Only by Grace

Homily at St Philip Evans, for the 30th Sunday of Ordinary Time, Year C.

I’d like to begin with a story. It’s about Paddy – a man who was very active in his church community, and died in his 70s.A cartoon showing a queue of people at the Pearly Gates

When Paddy reached the Pearly Gates, he expected them to swing open in front of him. Instead, he was rather bemused to find St Peter standing in front of him with a clipboard.

“OK,” said St Peter, “here’s how it works. In order to get into heaven, you need 100 points. You tell me all the reasons we should let you into heaven, and I will add up the points.”

“Right,” said Paddy. “For starters, I have never missed Mass on a Sunday. Every weekend of my life, I’ve been at church.”

“Excellent,” said St Peter. “One point.”

Paddy’s face fell. “Only one?” he thought – but he didn’t say it out loud.

“I’ve always supported church,” said Paddy, “and ever since I started earning a decent wage I’ve given 5% of my income to church. And I used Gift Aid!”

“Great,” said St Peter. “That’s another point.”

Paddy was beginning to feel rather desperate now. What would earn him another 98 points? He had one more thing…

“I’ve always been a peacemaker,” he said, “stepping in to stop fights. And if I’ve been arguing with someone, I’ve always been the first to step forward to make up.”

“Wonderful,” said St Peter, “the boss is really keen on that sort of thing. That gets you another three points – you’ve scored five so far.”

“FIVE POINTS?” scowled Paddy. “For all that, just five? If I’m ever going to get through those gates, it will only be by the grace of God !”

At that moment, a fanfare played and the gates opened. “That’s the correct answer,” said St Peter, “only God’s grace is worth 100 points. Come on in!”

If we wish to become saints – and if our goal is to enter heaven, then we must all plan to become saints – our first step is to recognise that we need God’s help. “Grace” is just a fancy name for God’s help. When God gives help to people who don’t deserve it, that’s called “mercy”.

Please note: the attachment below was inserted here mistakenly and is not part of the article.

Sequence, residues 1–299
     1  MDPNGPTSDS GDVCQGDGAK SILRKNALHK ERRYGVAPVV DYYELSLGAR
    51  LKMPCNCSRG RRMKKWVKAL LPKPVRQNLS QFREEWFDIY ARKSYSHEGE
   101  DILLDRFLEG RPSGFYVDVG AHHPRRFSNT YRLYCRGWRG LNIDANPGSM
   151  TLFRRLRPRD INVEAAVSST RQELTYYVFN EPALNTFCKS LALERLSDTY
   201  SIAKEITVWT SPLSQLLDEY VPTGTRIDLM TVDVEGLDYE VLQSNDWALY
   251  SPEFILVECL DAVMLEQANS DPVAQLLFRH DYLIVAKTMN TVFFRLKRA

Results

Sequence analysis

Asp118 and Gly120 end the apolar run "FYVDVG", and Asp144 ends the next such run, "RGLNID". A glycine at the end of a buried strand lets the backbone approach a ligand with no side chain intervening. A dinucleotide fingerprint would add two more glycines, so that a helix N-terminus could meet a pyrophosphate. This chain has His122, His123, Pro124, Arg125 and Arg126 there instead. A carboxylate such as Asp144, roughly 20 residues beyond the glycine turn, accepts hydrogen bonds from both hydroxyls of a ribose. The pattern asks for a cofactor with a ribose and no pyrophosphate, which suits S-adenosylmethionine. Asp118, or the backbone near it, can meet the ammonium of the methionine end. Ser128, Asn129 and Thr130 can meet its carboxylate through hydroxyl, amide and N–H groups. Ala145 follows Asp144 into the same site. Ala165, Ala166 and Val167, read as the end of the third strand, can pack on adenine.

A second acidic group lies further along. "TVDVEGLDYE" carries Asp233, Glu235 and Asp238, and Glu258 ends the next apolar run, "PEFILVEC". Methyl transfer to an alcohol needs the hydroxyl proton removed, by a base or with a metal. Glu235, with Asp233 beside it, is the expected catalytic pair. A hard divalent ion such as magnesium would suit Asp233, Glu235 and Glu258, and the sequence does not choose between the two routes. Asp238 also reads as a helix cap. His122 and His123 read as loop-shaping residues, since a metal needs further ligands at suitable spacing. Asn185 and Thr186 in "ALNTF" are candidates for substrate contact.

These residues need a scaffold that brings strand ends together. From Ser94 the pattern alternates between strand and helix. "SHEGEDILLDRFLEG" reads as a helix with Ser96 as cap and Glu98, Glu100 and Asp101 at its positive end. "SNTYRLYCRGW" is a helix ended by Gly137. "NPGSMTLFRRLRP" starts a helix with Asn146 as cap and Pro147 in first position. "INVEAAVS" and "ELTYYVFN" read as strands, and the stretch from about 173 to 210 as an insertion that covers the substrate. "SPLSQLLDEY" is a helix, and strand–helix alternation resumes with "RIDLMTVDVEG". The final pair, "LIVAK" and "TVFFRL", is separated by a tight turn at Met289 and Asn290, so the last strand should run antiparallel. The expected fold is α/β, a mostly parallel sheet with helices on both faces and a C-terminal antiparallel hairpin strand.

It’s easy to get the wrong idea about “mercy”. There’s a playground game where children wrestle until one shouts “mercy” because it hurts; or in a movie, the bad guy might have some terrible torture to inflict on the victim, who calls out for mercy. Do we really believe God is like a Hollywood villain, out to punish us?

It’s true, there’s a prayer which we might have learned to use in confession, where we acknowledge that because of our sins, we deserve God’s “dreadful punishments”. This might fool us into thinking that God is some kind of sadist who delights in handing out justice. But we know that Jesus came to show us that God is the most loving of Fathers, who always wishes to forgive rather than punish. And how do we obtain that forgiveness? We do what the tax-collector did in today’s Gospel! We cry out, “God, have mercy on me, a sinner!”

Why, then, did the Church ever come up with a prayer which talks about “dreadful punishments”? It’s because we know that, like Paddy, we could never deserve to go to heaven because of our good deeds. Only someone who had never committed a sin in their life could deserve to go to heaven. No sinner could be worthy to spend forever in God’s company. But if we missed out on being with God – if we know there is a God who loves us, and yet we are separated from Him for eternity – that would be truly dreadful! So that prayer is a reminder that none of us deserve to go to heaven. Heaven is a gift – a grace – a free gift offered to us by the Heavenly Father who loves us.